Interview: Tracy Borman
Interview: Tracy Borman
As she heads out on tour with her show reflecting on 1,000 years of the monarchy, we chat to historian and author Tracy Borman about what Kings Charles’s reign might bring, and her favourite local history spots…
With King Charles’s coronation this spring, Tracy Borman thought it was the perfect time to look back on the history of the monarchy. On her new tour, which comes to Epsom Playhouse on 24 May, she will reveal the do’s and don’ts of being a king or queen and what over 1,000 years of history has taught us.
It is some feat to whittle down so much history, from William the Conqueror to Charles lll, into an evening’s show, so how did she approach it? The tour has been inspired by her book Crown & Sceptre and, having done a number of documentaries for TV, she is used to condensing history down to the highlights. “I’ve picked some themes such as putting duty ahead of love and, of course, that all good monarchs put on a good show.”
So, what advice would she have for King Charles? “It was said that a good monarch has to be always changing, but always the same. In other words, they have to keep up with the times, but they also have to uphold tradition, and I think that’s still true. It is something that the late Queen Elizabeth did brilliantly. She was a steady hand at the wheel for 70 years but also innovated – it’s thanks to her that we have equality for the first time in the succession to the crown.”
But it is another Elizabeth that Tracy cites as being her top monarch of all time: Elizabeth I. “Some of the most successful monarchs were never supposed to come to the throne. That was definitely true of Elizabeth I. She was made illegitimate when her mother Anne Boleyn was executed, and yet fate twisted and turned and she made it to the throne. Maybe it’s because she didn’t come with a huge sense of entitlement that she really worked hard at it.”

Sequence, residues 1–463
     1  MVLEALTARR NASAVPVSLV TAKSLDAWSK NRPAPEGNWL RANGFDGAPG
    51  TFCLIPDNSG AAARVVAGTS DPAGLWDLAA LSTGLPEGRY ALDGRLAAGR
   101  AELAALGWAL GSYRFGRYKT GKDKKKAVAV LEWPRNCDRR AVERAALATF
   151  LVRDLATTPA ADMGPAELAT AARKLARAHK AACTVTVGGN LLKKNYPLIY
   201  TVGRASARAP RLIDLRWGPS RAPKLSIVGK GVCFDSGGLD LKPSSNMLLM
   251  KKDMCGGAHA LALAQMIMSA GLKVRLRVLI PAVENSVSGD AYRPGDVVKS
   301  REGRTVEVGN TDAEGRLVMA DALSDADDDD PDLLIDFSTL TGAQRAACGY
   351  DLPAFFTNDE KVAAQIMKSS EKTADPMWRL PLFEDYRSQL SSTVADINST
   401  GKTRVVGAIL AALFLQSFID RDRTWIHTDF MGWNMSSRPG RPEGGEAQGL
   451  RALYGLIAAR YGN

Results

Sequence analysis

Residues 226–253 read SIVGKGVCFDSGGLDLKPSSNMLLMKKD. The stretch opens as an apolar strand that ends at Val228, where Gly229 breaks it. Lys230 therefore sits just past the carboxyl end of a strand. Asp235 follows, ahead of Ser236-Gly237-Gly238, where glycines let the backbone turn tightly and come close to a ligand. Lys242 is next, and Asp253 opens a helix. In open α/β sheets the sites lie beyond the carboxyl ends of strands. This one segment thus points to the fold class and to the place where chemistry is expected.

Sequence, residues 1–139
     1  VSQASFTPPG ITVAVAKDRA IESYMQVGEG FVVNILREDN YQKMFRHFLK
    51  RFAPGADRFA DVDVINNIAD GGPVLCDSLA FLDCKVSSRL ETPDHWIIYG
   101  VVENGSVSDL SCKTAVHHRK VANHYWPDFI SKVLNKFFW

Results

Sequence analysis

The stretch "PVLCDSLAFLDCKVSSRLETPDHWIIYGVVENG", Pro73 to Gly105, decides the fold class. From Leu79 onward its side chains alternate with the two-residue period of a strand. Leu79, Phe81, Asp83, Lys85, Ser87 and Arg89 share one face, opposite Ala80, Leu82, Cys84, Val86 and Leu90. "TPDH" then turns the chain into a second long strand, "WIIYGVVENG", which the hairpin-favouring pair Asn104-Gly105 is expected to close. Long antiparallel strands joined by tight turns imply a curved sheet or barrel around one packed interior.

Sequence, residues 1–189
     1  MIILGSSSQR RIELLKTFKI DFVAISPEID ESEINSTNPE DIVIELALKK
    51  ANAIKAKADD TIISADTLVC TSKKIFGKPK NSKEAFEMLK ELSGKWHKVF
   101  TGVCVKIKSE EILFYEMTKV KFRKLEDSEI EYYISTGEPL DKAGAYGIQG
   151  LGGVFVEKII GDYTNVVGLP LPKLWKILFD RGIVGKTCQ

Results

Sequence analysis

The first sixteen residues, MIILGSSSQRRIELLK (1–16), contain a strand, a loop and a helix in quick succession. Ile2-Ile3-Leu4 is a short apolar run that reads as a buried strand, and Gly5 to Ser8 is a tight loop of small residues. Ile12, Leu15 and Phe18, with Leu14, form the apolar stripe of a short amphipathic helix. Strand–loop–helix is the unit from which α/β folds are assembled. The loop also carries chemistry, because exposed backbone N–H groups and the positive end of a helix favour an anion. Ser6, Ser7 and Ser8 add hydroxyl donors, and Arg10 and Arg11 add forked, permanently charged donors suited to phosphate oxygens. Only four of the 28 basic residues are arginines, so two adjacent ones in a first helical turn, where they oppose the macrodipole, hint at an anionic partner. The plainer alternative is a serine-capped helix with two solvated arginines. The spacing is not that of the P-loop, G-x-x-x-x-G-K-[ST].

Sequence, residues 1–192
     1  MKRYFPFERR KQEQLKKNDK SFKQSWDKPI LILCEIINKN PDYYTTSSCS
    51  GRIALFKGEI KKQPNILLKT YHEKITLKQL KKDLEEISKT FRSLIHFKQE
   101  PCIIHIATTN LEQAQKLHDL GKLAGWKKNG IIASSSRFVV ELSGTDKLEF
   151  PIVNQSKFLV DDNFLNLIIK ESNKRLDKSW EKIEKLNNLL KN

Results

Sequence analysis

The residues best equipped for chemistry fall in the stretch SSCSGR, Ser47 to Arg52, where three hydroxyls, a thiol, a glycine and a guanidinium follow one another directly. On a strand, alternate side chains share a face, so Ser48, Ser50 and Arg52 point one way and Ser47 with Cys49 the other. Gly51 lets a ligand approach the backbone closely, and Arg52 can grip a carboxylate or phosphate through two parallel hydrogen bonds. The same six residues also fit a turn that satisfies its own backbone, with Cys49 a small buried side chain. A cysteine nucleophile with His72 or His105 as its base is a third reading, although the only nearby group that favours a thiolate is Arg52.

Elizabeth and Anne are the subject of Tracy’s new book, Anne Boleyn & Elizabeth I: The Mother and Daughter Who Changed History (out 18 May, Hodder & Stoughton). She hopes it will shatter a few myths, in particular that Elizabeth didn’t hold her mother in high regard. “She was less than three-years-old when her mother was executed. She hardly mentioned her. But what I found through my research is that you need to look at Elizabeth’s actions, not her words, and she revered her mother’s memory. Throughout her life, she tried to rehabilitate her mother’s reputation.As queen, she surrounded herself with Boleyn relatives, and she was much kinder to her mother’s family than she was to her father’s who she hunted down relentlessly. There’s also a beautiful locket ring that contains a hidden portrait of her mother, opposite one of herself.”
Tracy is a prolific author and is also joint chief curator for Historic Royal Palaces. She has been passionate about history from a young age. “I never really had a plan, except that I wanted to do something that involved history. Being based at Hampton Court, I’m basically surrounded by history on a daily basis. Bringing the past to life for people is just an endless privilege and I love to see that spark of interest when you say something that really resonates with them.
“As for getting children into history, she says that the likes of Horrible Histories are fantastic. “It is learning by stealth. It’s funny and it’s entertaining. The whole reason I do what I do is because of an amazing A-level history teacher I had, who brought it down to a very human level and made it all about stories and humour and fascinating facts – things you think couldn’t possibly be true. It’s definitely the case that truth is stranger than fiction when it comes to history.”
Tracy lives locally and says we are lucky to have so much history on our doorsteps. “Obviously we have Hampton Court but there is also the lost or hidden history such as the palaces of Richmond and Nonsuch. They would have dominated the local area and you still see little traces of them.
“Richmond Park has got a really rich royal history, particularly with the Georgians who’d come and spend summers there.” She loves the park and takes her dog – called Cromwell after Henry VIII’s minister Thomas – for walks there. She’s also a keen baker. “If I didn’t have a career as a historian, I would like to own a cake shop because I find baking so therapeutic.”
Tracy also writes fiction and has written a trilogy of novels that includes her debut, The King’s Witch, followed by The Devil’s Slave and The Fallen Angel. She is embarking on a new novel set in the Tudor period. “My fiction is based in history but there are often those frustrating gaps where we just don’t know what happened and that’s when you can really use your imagination.”
And finally, if she could go back in history for one day, what period would she choose? “May 2, 1536: the day that Anne Boleyn was arrested, because I would really love to know the truth and who set her up…. whether it was Cromwell or Henry VIII. I’d like to experience some of the drama because it was undoubtedly one of the most extraordinary moments in our history.”
How To Be A Good Monarch – 1,000 Years of Kings & Queens. Touring from 17 April to 25 May. Epsom Playhouse 24 May
Image: Lion TV